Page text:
Spain's government is finalizing plans to raise fresh funds for its troubled savings banks, officials said, as its efforts to force the country's regional administrations to cut spending began to bear fruit.

Madrid is hoping the regionally-based banks can raise the additional capital -- which the sources denied would reach the 30 billion euros ($40.47 billion) cited in a newspaper report -- from private investors as it battles to keep a tough austerity program on track.

But it has to date struggled to drum up interest in the lenders, five of which failed EU financial health checks last year, making them a focus of market concerns about the country's ability to manage its deficit, evoking parallels with the fiscal conditions that forced Ireland to seek a bailout last year.

The government will announce details of the recapitalization plan once the savings banks have laid out their full exposure to Spain's collapsed property sector in coming weeks, a government source said on condition of anonymity.

Spain is whittling down one of the euro zone's largest public deficit through wide-ranging spending cuts, but economists fear a potential capital shortfall in the savings banks and poor regional government finances could scupper its efforts.

The economy ministry says the regions have met their deficit targets for 2010.

But the biggest regional government, Catalonia, said it would cut its 2011 spending by 10 percent after missing its deficits goal last year and being cut off from fresh borrowing, daily El Pais reported on Thursday.

Spain's risk premium over benchmark German debt narrowed on Thursday, falling 8 basis points to 219 bps -- its lowest level since early December -- though traders said activity was being driven by technical factors rather than news.

Ben May, an economist at Capital Economics, said Spain's regional administrations would have to sign up to the country's austerity program, though there would be a price to pay for Madrid.

The regions are going to have to make some stringent cuts, with all the political kickbacks that implies, he said.

MORE CASH FOR BANKS

The Wall Street Journal earlier on Thursday said the government is planning to raise more than 30 billion euros in state-backed funds for a recapitalization of the savings banks, citing sources familiar with the matter.

An analyst said he believed the banks would need closer to 40-50 billion euros to plug their losses.

Economy Minister Elena Salgado said earlier this week the banks would need further capital beyond the 11 billion euros already spent on bolstering their finances, but not at the levels cited by the newspaper.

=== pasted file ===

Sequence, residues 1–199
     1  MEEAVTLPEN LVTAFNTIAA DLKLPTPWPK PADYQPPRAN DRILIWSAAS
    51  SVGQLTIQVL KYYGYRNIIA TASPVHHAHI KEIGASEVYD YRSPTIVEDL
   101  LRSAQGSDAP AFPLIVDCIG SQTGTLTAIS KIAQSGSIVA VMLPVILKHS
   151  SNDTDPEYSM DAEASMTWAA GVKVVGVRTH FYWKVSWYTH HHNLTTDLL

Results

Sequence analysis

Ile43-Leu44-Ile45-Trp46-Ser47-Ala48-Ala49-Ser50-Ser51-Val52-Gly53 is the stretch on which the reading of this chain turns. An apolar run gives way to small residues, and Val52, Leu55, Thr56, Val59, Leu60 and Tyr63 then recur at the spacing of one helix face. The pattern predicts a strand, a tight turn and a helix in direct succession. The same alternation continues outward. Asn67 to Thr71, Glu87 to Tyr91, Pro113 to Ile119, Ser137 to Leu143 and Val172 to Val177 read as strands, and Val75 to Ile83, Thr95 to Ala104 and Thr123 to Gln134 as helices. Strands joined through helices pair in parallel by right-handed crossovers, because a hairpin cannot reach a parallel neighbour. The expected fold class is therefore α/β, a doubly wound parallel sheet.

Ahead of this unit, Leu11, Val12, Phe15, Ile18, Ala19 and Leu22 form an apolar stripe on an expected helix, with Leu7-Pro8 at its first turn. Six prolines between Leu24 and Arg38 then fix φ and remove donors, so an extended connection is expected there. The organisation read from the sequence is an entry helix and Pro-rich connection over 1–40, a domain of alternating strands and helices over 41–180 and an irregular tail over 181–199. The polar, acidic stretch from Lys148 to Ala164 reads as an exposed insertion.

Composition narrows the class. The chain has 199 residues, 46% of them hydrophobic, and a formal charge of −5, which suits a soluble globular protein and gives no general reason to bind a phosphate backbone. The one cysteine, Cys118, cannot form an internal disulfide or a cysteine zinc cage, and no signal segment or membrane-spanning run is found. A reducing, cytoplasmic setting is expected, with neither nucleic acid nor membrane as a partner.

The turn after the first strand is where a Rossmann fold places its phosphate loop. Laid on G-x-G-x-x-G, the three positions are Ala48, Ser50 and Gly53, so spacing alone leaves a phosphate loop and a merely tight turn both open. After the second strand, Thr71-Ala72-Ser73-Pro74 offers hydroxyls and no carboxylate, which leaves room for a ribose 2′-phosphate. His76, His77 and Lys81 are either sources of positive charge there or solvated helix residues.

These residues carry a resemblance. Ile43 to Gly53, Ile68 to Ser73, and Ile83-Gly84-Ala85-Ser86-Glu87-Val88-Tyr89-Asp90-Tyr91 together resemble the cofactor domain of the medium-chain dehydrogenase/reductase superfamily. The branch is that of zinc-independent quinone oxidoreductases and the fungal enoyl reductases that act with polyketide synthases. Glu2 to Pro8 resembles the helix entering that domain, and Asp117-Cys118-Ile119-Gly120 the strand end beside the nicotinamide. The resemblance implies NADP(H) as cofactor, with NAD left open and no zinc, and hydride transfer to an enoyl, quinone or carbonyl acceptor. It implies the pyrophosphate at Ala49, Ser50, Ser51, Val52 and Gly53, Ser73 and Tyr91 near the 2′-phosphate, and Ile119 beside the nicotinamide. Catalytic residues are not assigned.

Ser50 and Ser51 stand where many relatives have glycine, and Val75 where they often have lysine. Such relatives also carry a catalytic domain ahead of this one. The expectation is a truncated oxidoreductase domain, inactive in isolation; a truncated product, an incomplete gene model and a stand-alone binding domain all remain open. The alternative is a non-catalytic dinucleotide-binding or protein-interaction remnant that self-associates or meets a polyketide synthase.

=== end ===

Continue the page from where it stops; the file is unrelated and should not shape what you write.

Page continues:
Asked about whether the banks would need between 30 and 80 billion, Salgado said: The first government estimates are a long way from that figure.

A reform of the savings bank sector has opened the doors for them to seek new capital from private investors, though they have struggled to drum up interest and they are planning to extend a roadshow from Europe and the United States to Asia.

The unlisted savings banks account for around half Spain's financial system and were badly hit by a burst property bubble.

The government has made soft loans available to the sector through its restructuring fund (FROB), which would have to go to the markets to raise more money if the banks need more cash after seeking private capital.

The governor of the Bank of Spain said in December the banks would not need to turn to the FROB this year.

Arturo de Frias, head of banks research at Evolution Securities, said the savings banks could need 40-50 billion euros more capital to plug losses from soaring property debts.

Spain's borrowing costs have soared over the past year and it has been under intense scrutiny by markets since Ireland was forced to take a 85-billion euro aid package from the European Union and International Monetary Fund at the end of last year.

Some 35 billion euros of that was ringfenced to prop up the country's banks after they were also caught cold by a real estate collapse.

Concerns Spain may need a bailout have eased, but some economists say the government would be wise to apply for 100 billion euros of aid purely for the savings banks to clear up market concerns over their viability.

(Reporting by Paul Day, Fiona Ortiz; Editing by John Stonestreet)